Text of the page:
Named UpHealth, Inc., the new company aims to streamline online health care by becoming a single provider of four different services: telehealth, teletherapy, a health care appointment and management system and an online pharmacy.

UpHealth runs healthcare platform Thrasys Inc. and MedQuest Pharmacy, along with two other behavioral health companies. The merger with Cloudbreak, which under the pandemic expanded their interpretation services to remote medicine, will give the new company a foothold in almost 2,000 hospitals.

"What we wanted to do was form a business that could really be a digital infrastructure for health care across the continuum of care, right from home to hospital," said Jamey Edwards, the co-founder and CEO of Cloudbreak. Under the agreement, he will become the company's chief operating officer.

GigCapital2 expects the merger transaction to close at the start of Q1 2021. UpHealth will be publicly traded under the ticker "UPH" on the New York Stock Exchange. UpHealth's integrated care management platform serves over 5 million people, and is expected to reach 40 million over the next three years, according to the company.

Jamey Edwards, Cloudbreak

Jamey Edwards, co-founder and executive director of Cloudbreak

COVID-19 caused a meteoric growth in the use of telehealth services. In February, 0.1% of Medicare primary visits were provided through telehealth. In April, that number was nearly 44%, according to the U.S. Department of Health and Human Services.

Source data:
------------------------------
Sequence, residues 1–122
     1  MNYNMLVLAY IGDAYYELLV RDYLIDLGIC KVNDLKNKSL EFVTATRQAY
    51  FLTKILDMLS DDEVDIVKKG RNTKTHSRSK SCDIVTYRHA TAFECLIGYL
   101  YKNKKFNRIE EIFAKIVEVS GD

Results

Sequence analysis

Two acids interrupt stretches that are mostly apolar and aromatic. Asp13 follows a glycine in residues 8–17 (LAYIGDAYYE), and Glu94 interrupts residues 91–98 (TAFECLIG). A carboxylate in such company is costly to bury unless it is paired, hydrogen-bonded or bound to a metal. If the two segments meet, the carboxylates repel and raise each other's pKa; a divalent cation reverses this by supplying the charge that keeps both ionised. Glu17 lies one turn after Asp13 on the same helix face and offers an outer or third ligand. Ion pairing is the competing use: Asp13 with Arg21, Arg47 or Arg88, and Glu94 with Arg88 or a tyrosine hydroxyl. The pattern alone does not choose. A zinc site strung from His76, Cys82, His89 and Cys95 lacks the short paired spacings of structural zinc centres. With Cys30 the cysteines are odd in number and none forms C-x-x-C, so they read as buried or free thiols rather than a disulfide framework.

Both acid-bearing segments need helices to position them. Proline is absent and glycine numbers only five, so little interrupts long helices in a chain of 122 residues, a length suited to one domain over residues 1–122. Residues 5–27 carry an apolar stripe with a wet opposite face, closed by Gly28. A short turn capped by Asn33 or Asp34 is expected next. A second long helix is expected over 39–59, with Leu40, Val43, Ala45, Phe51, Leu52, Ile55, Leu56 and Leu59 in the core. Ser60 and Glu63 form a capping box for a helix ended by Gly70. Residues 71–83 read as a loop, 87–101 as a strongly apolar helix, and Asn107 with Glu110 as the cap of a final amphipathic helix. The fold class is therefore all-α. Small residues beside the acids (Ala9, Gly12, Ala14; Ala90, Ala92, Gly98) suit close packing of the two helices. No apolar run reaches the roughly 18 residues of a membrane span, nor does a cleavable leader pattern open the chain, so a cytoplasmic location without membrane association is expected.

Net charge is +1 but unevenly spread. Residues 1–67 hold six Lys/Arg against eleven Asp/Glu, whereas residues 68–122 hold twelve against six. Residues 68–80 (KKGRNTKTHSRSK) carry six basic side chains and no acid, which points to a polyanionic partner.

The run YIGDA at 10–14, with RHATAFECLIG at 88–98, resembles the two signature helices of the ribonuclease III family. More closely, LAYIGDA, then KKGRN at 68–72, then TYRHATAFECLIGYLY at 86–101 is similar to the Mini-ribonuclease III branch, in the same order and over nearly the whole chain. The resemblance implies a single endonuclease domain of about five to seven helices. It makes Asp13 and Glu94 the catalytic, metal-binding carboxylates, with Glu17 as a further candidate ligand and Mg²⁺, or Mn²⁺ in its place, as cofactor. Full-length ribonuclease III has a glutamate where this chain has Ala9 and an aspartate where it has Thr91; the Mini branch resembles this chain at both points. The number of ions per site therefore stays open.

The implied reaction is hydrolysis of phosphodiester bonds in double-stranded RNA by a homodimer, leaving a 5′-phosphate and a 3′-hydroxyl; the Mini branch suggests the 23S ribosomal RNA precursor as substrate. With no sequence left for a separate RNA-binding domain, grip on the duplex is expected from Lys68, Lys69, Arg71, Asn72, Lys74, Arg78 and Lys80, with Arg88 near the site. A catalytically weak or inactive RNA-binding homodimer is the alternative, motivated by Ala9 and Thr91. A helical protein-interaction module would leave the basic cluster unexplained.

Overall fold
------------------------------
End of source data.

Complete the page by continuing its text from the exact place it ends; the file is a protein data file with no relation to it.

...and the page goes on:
"Key stakeholders have seen and responded well to the benefits that telemedicine can bring, but they need a more comprehensive, integrated solution," said Al Gatmaitan, who has been named the co-chief executive officer of UpHealth. "This is what UpHealth focuses on, the adoption of digital health solutions well beyond the pandemic crisis."

The deal with the blank check company GigCapital2 gives the two digital health companies access to a wider network. UpHealth and its family of companies operate in 10 countries and their pharmacy has 13,000 e-prescribers in the U.S.


UpHealth will use the Cloudbreak platform as part of their global telehealth services to provide patients with round-the-clock care under a variety of specialties, including telepsychiatry and tele-urology. UpHealth also has contracts internationally, to provide country-wide care in India, Southeast Asia and Africa.

Edwards joined Cloudbreak in 2008 when it went from public to private. It has raised $35 million in venture funds, most recently in the first quarter of this year scoring $10 million from Columbia Partners Private Capital.

Editor's note: An earlier version of this story identified Jamey Edwards as executive director of Cloudbreak, he is its CEO.

Ryan Edwards, the co-founder of Happier Camper, said he's asked all the time if his company leans on influencer marketing to promote their vintage-style trailers beloved by millennials.

With a waitlist six months out and demand growing from hotel-weary travelers, he said it isn't a priority yet.

"We almost don't need to," said Edwards.

That's because the $25,000 to $50,000 custom trailers have been a hit with a loyal fan base, and rising demand during the pandemic has only helped. Orders for compact trailers at the lower price end, including Happier Camper's 75-square-foot camper, are growing as newbie road trippers look for COVID-safe travels.